Saturday, April 4, 2009

I'm Taking a Break from BK

Dear BK Faithful-

I happy to report I have taken a new post, but sad to say that blogging is being put on hold. I guarantee that when I come back, it will be bigger and bolder.

See you soon

Thursday, January 15, 2009

NY Assemblyman Proposes Bill to Restrict the Sale of Games with Profanity or Racial Stereotypes, Bangs Head Against Wall

NY State Assemblyman, Keith L.T. Wright, submitted a proposal to prevent people under the age of 18 from purchasing games with a rating that "reflects content of various degrees of profanity, racist stereotypes, or derogatory language, and/or actions toward a specific group of persons." It would also require retailers to ID when selling or renting M or AO games. This is Wright's second attempt, the first attempt failing in 2007.

Does This Guy Look At History?

Retailers voluntarily checked IDs for video games, same as they do at the movies. This area does not need to be legislated. Also, the language of the quoted portion above is so broad, that anything could fall under that umbrella. It would lead to inconsistency and undue complexity. No offense to Mr. Wright, but not only has legislation like this failed in his own state, it has failed in multiple others for the same reason - it is unconstitutional!

Sony Sues Datel, Maker of a PSP-3000 Hacking Extra Battery

Sony Europe has filed suit against UK-based Datel, maker of the Max Power Digital Battery accessory for PSP, alleging copyright infringement for Max Power's ability to circumvent Sony's encryption protection for the PSP. Interestingly, the Battery was originally sold as the Lite Blue Tool, an explicit hacking device already frozen by Sony previously. Sony believed that with the launch of the PSP-3000 piracy was "trending downward."

Changing the Name Didn't Fool Them? Damn...

The PSP has enjoyed quite a bit of hardware success but not as much software success, in part due to large amounts of piracy. It isn't surprising that Sony is going after them, especially in these lean times.

Tuesday, December 30, 2008 Sues NCSoft For Infringing Patent Related to Virtual Space Interaction, suffering in the business world, has filed suit in the Eastern District of Texas claiming that NCSoft, with its myriad virtual platforms, is infringing patent 7,181,690, System and Method for Enabling Users to Interact in a Virtual Space. The patent relates generally, and I mean generally, to creating a 3D space with Avatars and displaying the relevant information for each player. Importantly, the filing date on this patent is in 2000.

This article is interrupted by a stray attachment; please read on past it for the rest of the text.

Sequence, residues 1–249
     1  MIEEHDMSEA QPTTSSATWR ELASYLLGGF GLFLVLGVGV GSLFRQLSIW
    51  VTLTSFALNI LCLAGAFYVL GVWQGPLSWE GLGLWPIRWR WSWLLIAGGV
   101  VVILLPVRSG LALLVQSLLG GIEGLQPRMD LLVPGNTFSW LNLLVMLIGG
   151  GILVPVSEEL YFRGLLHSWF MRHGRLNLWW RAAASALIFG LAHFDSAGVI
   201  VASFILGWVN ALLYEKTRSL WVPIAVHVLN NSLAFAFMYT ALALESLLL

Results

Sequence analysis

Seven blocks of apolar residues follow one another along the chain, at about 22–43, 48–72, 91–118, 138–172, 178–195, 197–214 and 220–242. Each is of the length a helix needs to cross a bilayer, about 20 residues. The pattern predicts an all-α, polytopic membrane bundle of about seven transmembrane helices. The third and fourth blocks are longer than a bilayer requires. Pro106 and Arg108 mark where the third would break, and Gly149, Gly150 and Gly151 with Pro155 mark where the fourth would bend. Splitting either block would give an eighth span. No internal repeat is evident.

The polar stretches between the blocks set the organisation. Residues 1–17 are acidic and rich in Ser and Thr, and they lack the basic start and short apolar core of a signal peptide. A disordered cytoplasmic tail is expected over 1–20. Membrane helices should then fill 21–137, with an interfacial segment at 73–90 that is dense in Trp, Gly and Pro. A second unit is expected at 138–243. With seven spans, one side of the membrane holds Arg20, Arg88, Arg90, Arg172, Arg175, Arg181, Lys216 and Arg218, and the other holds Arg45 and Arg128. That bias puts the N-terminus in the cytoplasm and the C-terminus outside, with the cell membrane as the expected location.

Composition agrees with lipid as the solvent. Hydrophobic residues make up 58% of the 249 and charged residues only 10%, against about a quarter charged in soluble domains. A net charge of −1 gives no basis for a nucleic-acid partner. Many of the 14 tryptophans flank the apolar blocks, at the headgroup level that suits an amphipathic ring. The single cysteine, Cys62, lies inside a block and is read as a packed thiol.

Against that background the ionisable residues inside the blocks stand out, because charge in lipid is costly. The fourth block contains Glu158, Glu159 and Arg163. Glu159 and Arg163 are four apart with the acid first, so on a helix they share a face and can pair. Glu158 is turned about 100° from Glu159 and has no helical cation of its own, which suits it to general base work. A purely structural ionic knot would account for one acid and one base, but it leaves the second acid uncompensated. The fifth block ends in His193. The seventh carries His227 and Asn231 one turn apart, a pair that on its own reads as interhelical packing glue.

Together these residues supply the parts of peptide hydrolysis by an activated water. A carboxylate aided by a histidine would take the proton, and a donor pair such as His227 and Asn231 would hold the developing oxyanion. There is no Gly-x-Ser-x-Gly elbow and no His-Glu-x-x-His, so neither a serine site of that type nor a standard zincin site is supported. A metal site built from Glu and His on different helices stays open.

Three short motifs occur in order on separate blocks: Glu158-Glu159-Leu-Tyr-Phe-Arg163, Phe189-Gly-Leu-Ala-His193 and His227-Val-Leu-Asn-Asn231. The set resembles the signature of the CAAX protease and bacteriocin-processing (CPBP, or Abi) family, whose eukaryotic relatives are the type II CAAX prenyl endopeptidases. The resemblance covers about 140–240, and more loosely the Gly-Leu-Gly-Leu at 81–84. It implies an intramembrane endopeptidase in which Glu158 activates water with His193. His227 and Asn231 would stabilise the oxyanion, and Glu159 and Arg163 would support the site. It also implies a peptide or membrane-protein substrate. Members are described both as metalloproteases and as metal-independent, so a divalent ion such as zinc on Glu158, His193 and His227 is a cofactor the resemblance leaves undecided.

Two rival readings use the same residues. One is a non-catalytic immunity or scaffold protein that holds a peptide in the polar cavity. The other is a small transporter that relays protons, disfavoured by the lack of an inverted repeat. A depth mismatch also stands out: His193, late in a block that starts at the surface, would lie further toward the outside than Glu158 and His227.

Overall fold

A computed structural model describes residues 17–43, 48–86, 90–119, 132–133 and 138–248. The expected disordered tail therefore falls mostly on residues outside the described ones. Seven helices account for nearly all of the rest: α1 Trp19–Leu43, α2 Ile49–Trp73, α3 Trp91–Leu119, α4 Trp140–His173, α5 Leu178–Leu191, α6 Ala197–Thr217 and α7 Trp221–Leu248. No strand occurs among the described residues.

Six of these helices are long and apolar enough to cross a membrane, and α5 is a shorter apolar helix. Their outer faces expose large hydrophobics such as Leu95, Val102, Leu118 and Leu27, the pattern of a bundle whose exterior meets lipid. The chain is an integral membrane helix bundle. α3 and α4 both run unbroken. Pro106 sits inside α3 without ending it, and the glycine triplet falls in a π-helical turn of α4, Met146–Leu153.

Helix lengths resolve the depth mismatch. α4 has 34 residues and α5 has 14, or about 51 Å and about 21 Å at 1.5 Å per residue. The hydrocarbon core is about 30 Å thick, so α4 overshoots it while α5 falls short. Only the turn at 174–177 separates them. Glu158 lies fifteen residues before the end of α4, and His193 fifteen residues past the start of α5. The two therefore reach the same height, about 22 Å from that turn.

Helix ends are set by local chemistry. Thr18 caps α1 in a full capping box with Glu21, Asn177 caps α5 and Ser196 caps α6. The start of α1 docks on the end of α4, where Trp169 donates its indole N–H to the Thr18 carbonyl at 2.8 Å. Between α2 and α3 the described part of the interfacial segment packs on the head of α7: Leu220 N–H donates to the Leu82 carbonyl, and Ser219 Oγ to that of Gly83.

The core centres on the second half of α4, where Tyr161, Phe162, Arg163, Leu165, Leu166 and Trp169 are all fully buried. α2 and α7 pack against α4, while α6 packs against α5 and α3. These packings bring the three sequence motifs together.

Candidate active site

Can Anyone Say Invalidation?

I hate to break it to Worlds, but the patent is written so broadly, that while they may have pulled a fast one on the examiners in the PTO, I highly doubt this patent will survive this litigation. The 2000 filing date leaves plenty of room for prior art in the MMO space to be considered. Ultima Online and Everquest were both up and running at this time. Jeez, even old MUDs kept track of player positions and delivered information based on that position. The claims are also so broad that they do not even narrow to more technologically useful specific cases, such as being used in a 3d world. This case has all of the markings of trollery (though Worlds is not a troll in the conventional sense). It will be interesting to see if NCSoft fights it on principle, or just settles out of convenience.

Game::Business::Law Conference Coming to Dallas January 14-15

Courtesy of Mark over at Law of the Game, I wanted to give the heads up about an upcoming gaming/business/law conference being held in Dallas two weeks from now. The slate of speakers is top notch, ranging from industry heads to lawyers in the field. The conference is affiliated with SMU's Dedman School of Law and Guildhall graduate program.